Perspectives with Rev. George Frey

 

The Personal Problem of Evil

“Either make the tree good and its fruit good, or else make the tree bad and its fruit bad; for a tree is known by its fruit. Brood of vipers! How can you, being evil, speak good things? For out of the abundance of the heart the mouth speaks. A good man out of the good treasure of his heart brings forth good things, and an evil man out of the evil treasure brings forth evil things.” – Jesus (Matthew 12:33-35)

In Matthew 12:34, Jesus, calling the Pharisees “brood of vipers,” disputes their ability to say good things because they are “evil.” He further explores their predicament saying, “out of the abundance of the heart the mouth speaks.” 

Speaking in this verse is to be understood as a representative act of the heart; in that we are to understand that all of the Pharisees’ acts (not just speaking) are expressions of their evil hearts. 

The acts of these Pharisees, and their speaking, is symptomatic of the “evil” condition of their hearts. If only their symptoms where to be treated, though their condition might appear to be improved or even cured, the malady remains unchanged; in that, whatever is done or communicated is the expression of evil, being the product of an evil heart. 

Consider this in the light of how Jesus addressed the crowd that was listening to the sermon on the mount in Matthew 7:11, saying, “you being … evil.” Jesus is here disclosing His understanding of the nature of mankind. It is not just Pharisees, but mankind as a whole, that was corrupted by the evil Jesus speaks of. 

Again, Jesus says to a young man seeking the means to eternal life in Luke 18:18, “no one is good.” In the estimate of the Christ, mankind, excluding Himself, was evil; as in not good. (John 2:24-25)

Of course the evil spoken of, since all of mankind is comprehended in it, must be defined in contrast to the goodness of God; so in Luke 18:18, Jesus goes on to say, “no one is good but One, that is, God.” 

But in Matthew 12:33, Jesus holds out hope for all who would not be evil, saying, “Either make the tree good …, or else make the tree bad …;” implying some kind of hope for those who by nature are evil; implying some means by which we may apply ourselves toward good.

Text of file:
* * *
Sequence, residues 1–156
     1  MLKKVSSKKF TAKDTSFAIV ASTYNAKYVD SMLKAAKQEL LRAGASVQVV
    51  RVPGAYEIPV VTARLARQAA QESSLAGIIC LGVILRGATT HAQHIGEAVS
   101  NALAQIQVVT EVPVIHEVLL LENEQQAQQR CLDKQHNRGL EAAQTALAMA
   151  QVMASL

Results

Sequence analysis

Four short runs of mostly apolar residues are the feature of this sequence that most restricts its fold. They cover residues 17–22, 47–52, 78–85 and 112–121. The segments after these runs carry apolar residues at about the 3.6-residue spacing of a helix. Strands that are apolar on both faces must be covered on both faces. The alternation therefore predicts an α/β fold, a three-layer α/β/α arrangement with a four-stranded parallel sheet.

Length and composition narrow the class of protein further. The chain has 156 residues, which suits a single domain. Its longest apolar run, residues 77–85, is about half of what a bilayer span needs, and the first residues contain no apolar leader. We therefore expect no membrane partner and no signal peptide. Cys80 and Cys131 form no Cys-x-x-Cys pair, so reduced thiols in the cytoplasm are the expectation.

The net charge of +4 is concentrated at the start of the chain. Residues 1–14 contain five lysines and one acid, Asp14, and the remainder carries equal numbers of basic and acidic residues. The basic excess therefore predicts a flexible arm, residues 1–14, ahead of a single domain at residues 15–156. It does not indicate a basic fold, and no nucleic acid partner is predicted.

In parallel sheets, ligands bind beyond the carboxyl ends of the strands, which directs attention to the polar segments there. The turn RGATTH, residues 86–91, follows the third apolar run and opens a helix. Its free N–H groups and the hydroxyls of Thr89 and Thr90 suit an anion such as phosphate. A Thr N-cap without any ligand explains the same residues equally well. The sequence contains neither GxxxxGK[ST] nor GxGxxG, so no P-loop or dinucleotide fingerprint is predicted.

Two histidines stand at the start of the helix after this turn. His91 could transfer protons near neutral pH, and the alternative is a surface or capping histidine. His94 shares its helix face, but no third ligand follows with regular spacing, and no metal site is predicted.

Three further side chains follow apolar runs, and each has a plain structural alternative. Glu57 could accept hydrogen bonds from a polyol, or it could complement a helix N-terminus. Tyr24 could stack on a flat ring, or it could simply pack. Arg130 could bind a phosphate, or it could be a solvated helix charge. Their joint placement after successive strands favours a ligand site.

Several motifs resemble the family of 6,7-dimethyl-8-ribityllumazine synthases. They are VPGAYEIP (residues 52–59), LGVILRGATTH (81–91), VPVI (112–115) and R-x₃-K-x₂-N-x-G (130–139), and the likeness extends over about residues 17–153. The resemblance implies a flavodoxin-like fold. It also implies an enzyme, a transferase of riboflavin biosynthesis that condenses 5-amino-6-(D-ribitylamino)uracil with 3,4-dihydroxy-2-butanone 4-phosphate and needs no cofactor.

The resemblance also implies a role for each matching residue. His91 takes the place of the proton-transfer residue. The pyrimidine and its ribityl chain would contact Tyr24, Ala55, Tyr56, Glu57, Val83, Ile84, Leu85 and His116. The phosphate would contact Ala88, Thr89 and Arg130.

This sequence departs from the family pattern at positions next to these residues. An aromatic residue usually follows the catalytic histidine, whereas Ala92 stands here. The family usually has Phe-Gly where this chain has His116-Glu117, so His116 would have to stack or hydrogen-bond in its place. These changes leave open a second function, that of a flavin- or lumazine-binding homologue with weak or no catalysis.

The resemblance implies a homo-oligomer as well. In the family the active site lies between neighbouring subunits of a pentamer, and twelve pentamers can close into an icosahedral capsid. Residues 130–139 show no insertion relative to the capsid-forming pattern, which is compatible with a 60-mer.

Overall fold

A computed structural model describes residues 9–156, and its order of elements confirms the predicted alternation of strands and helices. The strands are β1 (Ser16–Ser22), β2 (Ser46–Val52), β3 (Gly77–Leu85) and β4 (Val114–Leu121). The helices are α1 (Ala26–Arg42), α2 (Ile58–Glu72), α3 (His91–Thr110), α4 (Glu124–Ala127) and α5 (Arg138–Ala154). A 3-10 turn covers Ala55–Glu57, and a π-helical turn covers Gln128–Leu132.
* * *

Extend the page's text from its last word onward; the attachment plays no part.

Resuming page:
In this verse the tree is representative of the heart in verse 34, and the fruit is representative of the act of speaking. 

Consider the phrase in this verse, “make the tree good and its fruit good.” Notice that the quality of the fruit follows the quality of the tree. Our solution then lies in what we “make” the tree; or as it is clarified in verse 34, what we “make” the heart. 

But how does one change the nature of the heart? Perhaps it is possible that people can change their behavior in some way, but how is the nature changed? Therefore Jesus says to the Pharisee Nicodemus, “you must be born again;” that is, “born of the Spirit.” (John 3:1-8) 

The idea of being born again is not just a concept to mentally comprehend and accented to, but rather an actual occurrence whereby a person is given a new nature by means of the creative power of the Holy Spirit; so that the “making” of the tree (heart) must actually be the immediate work of God. (Ephesians 2:10; 2 Corinthians 5:17)

What then can man do, towards a change of nature from evil to a goodness in the likeness of God? As Nicodemus asks of Jesus, “how can a man be born again …?”

We find Jesus’ answer in John 3:14-17, “And as Moses lifted up the serpent in the wilderness, even so must the Son of Man be lifted up, 15 that whoever believes in Him should not perish but have eternal life. 16 For God so loved the world that He gave His only begotten Son, that whoever believes in Him should not perish but have everlasting life.”

It is in the possessing of eternal life that the heart is changed from a source of evil to a source of good; and the whole part of man is to believe in God’s “only begotten Son,” the Lord Jesus Christ.

This is Jesus’ perspective on the matter.

Responses may be posted at www.thechristianmind.org 

 

Rev. George T. Frey, Jr.

 

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